To its credit, Germany reversed course on this just over a week later, stating that it would indeed incorporate Apple and Google's contract tracing API. But why the sudden change? According to reports, an open letter from hundreds of scientists warned that centralizing contact data would allow "unprecedented surveillance of society at large". Germany says the Pan-European Privacy-Preserving Proximity Tracing failed to communicate this clearly in "a series of grave errors", causing damage and leading to this decision. Germany announced it would adopt a "strongly decentralized approach", and has since joined six other EU countries in championing a cross-border, decentralized system of contact tracing.
Lack of understanding
Despite the lessons of Australia, the epiphany of Germany, and the overwhelming body of evidence and information regarding contact tracing, a gross lack of understanding of Apple and Google's contact tracing solution still pervades government efforts and the media. Nowhere is this lack of understanding more evident, than in a recent article from The Washington Post. A seemingly scathing article labels Apple and Google's virus tracking system as "practically useless", and the article is propped up by "experts" who Daring Fireball's Jon Gruber rightfully points out, don't know what they're talking about."
Gruber notes a series of glaring errors in the article, for example, the reference to the technology as "virus tracking". No app can track a virus. Apple and Google are trying to help facilitate measuring exposure and contact between individuals. This is a technicality, but it gets worse. The report notes that strict rules from Apple and Google "will notify smartphone users if they've potentially come into contact with an infected person, but it won't share any data with health officials or reveal where those meetings took place." This pesky constraint that prevents data sharing and location tracking is more commonly known as "privacy." Apple and Google have put privacy at the forefront of its contact tracing efforts, even calling it Privacy-Preserving Contact Tracing.
One expert cited in the piece, Helen Nissenbaum of Cornell University, said that Apple's use of privacy in this context was a "flamboyant smokescreen". She further stated how ironic it was that two companies who had "tolerated the mass collection of people's data but were now preventing its use for a purpose that is "critical to public health." But ask yourself, which is the greater hypocrisy. Apple and Google making its privacy more stringent, or Nissenbaum, criticizing Apple and Google for "tolerating the mass collection of people's data", and then demanding they hand it over in the same breath?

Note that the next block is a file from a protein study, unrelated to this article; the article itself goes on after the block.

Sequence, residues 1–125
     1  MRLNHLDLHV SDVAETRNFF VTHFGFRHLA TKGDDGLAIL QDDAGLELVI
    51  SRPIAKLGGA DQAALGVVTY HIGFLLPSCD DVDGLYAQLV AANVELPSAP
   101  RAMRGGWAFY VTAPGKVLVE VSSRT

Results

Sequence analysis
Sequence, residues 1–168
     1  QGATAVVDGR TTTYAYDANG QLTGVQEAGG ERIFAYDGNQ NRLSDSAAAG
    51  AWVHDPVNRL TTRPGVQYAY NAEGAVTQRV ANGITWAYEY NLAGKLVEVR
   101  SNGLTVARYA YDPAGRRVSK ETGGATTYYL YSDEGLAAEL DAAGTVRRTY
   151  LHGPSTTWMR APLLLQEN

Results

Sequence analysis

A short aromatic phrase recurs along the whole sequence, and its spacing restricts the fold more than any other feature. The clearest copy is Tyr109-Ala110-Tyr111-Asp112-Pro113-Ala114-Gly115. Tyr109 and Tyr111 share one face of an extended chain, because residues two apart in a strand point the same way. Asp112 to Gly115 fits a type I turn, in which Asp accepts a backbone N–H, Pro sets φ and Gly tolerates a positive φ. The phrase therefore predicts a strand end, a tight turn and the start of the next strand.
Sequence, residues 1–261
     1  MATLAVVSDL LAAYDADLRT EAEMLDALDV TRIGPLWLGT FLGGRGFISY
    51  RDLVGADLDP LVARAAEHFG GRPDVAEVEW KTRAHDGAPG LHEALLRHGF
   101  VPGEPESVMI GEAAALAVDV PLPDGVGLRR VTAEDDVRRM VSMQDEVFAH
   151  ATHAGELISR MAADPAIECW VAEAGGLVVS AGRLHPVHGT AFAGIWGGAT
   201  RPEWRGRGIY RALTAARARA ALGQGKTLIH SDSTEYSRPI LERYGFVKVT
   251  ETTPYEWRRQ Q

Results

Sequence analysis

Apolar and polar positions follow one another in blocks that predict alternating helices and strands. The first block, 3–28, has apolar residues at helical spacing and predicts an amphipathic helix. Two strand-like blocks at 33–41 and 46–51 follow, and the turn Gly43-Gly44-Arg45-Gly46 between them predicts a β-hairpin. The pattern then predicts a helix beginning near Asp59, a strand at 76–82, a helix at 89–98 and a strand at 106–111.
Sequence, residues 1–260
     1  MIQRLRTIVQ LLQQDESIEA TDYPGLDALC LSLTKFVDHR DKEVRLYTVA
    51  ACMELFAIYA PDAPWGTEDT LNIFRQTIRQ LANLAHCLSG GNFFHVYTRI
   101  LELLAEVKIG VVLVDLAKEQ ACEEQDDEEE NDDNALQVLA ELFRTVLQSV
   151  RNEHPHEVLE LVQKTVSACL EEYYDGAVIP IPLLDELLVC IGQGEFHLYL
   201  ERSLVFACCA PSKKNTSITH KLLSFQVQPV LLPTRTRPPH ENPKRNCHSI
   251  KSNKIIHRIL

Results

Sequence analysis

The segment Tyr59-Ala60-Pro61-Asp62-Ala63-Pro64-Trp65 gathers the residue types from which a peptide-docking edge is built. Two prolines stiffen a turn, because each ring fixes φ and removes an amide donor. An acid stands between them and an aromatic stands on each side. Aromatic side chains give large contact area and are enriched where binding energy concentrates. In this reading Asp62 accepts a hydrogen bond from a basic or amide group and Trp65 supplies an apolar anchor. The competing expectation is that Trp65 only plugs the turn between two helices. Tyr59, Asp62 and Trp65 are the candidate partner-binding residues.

Nissenbaum displays a further lack of understanding by stating:
"If it's between Google and Apple having the data, I would far prefer my physician and the public health authorities to have the data about my health status... At least they're constrained by laws."
To suggest that Apple and Google are not constrained by laws is frankly, absurd. Furthermore, the whole point of Apple and Google's technology is not that they get the data instead of the government, but that no one gets the data. It stays on your device so that nobody can see it. The only way any of your data leaves your phone is if you choose to share it. As Apple's own FAQ on the technology notes:
This system does not collect location data from your device and does not share the identities of other users to each other, Google or Apple. The user controls all data they want to share, and the decision to share it... The system was also designed so that Apple and Google do not have access to information related to any specific individual.
To sum up
The truth is that we are still in the very earliest stages of contact tracing technology. But what we've seen in Australia proves that governments who stray from Apple and Google's contact tracing technology risk wasting time, money, and effort on systems that will ultimately not work. The biggest tragedy is that missteps in this regard don't simply mean wasted resources, but lives as well.